I Feel Just Like This Cat After A Week Of Bad Nursing Aversion

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I’ll tell you what… I feel like a real fool.

I’ve written briefly about nursing aversion (otherwise known as breastfeeding agitation) here, in my fledgling and admittedly naive days of experiencing the thing. I don’t intend to minimize what I went through back then, but I can’t help but wonder how I missed the warning of what was to come, if I was given one at all?

Are you concerned for mothers who shed tears and ache a whole heart over this not uncommon experience? There’s no reason for fear or worry. It’s just nursing aversion, which mothers would already know about if the topic weren’t so unreachable and misunderstood today even among communities of new parents.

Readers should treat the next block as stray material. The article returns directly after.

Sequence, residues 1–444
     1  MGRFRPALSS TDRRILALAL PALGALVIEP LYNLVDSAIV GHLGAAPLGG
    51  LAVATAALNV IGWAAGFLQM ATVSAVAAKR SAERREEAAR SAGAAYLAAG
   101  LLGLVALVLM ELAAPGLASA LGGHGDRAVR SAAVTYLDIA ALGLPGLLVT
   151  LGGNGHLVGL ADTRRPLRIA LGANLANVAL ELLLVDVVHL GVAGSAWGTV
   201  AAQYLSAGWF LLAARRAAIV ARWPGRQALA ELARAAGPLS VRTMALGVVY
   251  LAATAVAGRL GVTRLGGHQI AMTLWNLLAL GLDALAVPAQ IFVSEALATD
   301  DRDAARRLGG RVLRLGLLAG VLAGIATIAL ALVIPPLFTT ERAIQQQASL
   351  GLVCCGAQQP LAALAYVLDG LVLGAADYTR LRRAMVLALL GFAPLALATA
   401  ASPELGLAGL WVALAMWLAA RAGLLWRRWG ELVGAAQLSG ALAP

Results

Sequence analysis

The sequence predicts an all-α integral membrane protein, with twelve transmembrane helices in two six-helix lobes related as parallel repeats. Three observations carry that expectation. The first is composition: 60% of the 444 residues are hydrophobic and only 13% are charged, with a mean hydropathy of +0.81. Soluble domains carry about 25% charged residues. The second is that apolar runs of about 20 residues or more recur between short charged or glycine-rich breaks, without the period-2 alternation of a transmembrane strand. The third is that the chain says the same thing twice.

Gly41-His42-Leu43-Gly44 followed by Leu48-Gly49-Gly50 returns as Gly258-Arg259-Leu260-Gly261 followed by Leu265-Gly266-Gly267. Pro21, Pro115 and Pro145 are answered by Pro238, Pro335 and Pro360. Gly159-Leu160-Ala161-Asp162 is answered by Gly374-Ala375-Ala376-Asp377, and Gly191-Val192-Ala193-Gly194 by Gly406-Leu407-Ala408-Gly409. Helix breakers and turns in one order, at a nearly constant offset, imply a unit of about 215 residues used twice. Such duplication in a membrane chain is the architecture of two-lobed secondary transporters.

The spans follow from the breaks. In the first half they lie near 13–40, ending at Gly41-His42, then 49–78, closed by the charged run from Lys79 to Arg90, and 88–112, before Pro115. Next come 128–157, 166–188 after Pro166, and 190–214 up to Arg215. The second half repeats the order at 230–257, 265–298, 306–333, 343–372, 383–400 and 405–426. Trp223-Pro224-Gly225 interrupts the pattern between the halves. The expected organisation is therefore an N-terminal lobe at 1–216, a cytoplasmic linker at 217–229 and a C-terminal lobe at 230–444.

It’s “just” — but really, it’s the rare person who knows how to recognize, much less alleviate it. Why don’t more people discuss nursing aversion, the process as it naturally unfolds — from beginning to end, from first whispers of itchiness in the gut to the frightening instinct to escape the child, run out of the house into the driveway, and punch through the car window?

No, it’s not just me. And I wish more of us could talk about it.

My past week was colored by nursing aversion in ways it never has been thus far. (Aversion does not essentially mean “time to stop breastfeeding,” by the way. It’s an indication of significant hormonal changes in the mother, not necessarily a decrease of need in the child).

I’m kinda… too traumatized… and I, like many others, still can’t talk about it.

Are there words for nightmares? Thankfully, there is help for nursing aversion so the suffering can be reduced.

In any case, definitely commiserating with this mama cat.